The Raincoat Killer: Chasing a Predator in Korea

In September 2022, we hosted Jessica Lee, one of the producers at Beach House Pictures behind the Netflix true crime documentary The Raincoat Killer: Chasing a Predator in Korea (2021) looking into a series of horrific murders which took place Seoul during the early 2000s.

Over three hour-long episodes, this documentary explores the chain of events which enabled the now-convicted serial killer Yoo Young-chul to evade capture while committing the murders of 20 people, many of whom were either elderly citizens from wealthy neighbourhoods or young women who performed unregulated sex work.

During the conversation, we asked Jessica about the work that went on behind-the-scenes of The Raincoat Killer and the ethical considerations involved in recounting stories about serial killings and extreme violence.

Content Warning: The documentary, and by extension this Q&A excerpt, includes mention of suicide and violence against women.

🎙️ Listen

In the first excerpt, Jessica talks about the hardest part of producing The Raincoat Killer; in the second, she considers the differences between true crime in Asia and America.

Elsewhere Cinema Club’s PHOEBE

What was the most difficult part of the whole production? Logistically, you‘ve talked a bit about that, but if there’s something else, please let us know. I’m also thinking—emotionally and creatively, what was the most difficult part?


I think the most difficult part of the production was access. Again, number one, true crime is always difficult, because you are approaching people to talk about a highly traumatic event, from police officers to victims and their families. You look at Kim Hee Sook. Wonderful woman, super radiant, but carries a lot of baggage and darkness within as part of her job. And she did break down when she had to talk about going to the crime scene, digging out the victims’ bones, and how difficult that process was for her even though she’s been doing this for a long time. So it’s hard to convince people to come on screen, especially when there’s no vested interest for them to do so.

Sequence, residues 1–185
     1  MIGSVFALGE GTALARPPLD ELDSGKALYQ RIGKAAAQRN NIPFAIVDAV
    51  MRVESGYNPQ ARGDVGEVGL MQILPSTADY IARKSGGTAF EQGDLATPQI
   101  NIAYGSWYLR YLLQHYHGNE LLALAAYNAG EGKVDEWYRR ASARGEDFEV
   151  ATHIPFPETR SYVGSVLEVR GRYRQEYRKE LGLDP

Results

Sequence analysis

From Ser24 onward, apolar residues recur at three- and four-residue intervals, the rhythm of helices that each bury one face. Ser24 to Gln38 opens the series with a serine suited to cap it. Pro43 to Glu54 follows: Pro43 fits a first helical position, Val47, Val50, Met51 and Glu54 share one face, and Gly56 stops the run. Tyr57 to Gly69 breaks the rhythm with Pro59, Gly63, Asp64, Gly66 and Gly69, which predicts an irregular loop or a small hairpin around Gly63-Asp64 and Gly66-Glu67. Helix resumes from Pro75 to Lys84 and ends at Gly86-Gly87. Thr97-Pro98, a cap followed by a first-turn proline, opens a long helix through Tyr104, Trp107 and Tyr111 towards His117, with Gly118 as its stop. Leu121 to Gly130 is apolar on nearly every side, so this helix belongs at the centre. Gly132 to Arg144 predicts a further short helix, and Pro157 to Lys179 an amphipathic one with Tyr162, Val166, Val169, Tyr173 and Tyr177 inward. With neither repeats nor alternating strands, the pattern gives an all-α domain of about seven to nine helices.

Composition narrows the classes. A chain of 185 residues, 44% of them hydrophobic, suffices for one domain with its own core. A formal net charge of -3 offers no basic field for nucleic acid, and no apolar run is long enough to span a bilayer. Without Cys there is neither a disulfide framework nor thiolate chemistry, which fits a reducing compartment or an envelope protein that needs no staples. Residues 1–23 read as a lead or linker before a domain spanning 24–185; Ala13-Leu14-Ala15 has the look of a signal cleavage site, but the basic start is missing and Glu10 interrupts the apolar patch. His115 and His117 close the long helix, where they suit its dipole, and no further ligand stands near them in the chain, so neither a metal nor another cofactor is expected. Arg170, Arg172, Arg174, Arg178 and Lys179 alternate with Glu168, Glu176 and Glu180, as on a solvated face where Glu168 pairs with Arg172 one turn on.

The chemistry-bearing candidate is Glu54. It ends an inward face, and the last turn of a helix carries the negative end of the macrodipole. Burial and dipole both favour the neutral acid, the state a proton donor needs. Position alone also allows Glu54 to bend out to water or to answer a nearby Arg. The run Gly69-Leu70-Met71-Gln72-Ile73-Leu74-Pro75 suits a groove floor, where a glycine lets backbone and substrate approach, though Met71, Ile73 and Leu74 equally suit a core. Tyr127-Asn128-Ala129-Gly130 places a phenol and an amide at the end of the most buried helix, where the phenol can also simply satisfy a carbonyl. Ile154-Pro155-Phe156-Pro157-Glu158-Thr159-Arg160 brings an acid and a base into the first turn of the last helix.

Why, for no money, would they want to relive old wounds, so to speak?

So, I think that was difficult from a production point of view and to share with them the importance of why they should talk about it. Because it’s more than just about the crime. It is really about the bigger picture here. And I think that’s how they eventually got convinced.

But even then, during the process of the interview, it was still difficult. I remember us being in the room with Kim Hee Sook while we were doing the interview, and we were all emotional—from the facilitator, myself, to our crew—everyone was crying. Because you feel that. You feel the heaviness. It’s tough.

And that leads to the second point: I think, emotionally, what’s heavy for myself, for a lot of people, and for a lot of our team, were the victims. Because we had to go through crime scene photos, we had to talk to family members. 90% of what we shot wasn’t in the film. And I think that process of having to have these conversations was very very difficult. Even talking to Ahn Jae Sam, who was a victim’s brother who was featured quite a lot in the episode, was so hard. Sitting with him in that room… he has gone through so much in his life. Not only his brother was brutally murdered, but his father and brothers killed themselves. And he has to carry that. How do you live? How do you survive? How do you go on? It’s all those things that, as producers and filmmakers, as human beings, you get affected by.

And for me specifically as well, it was the female victims, the sex workers who were murdered. That was particularly hard, I think. Because as a female filmmaker I can feel it specifically. There were long discussions in the edit room where we were like, how do we tell the story in a way that was respectful? And there was a teary conversation with my edit producers. It’s difficult. But we also understood that this is why it’s important to tell the story right. You want to be able to do them justice, so to speak. I’m not sure if we did, but we hope so.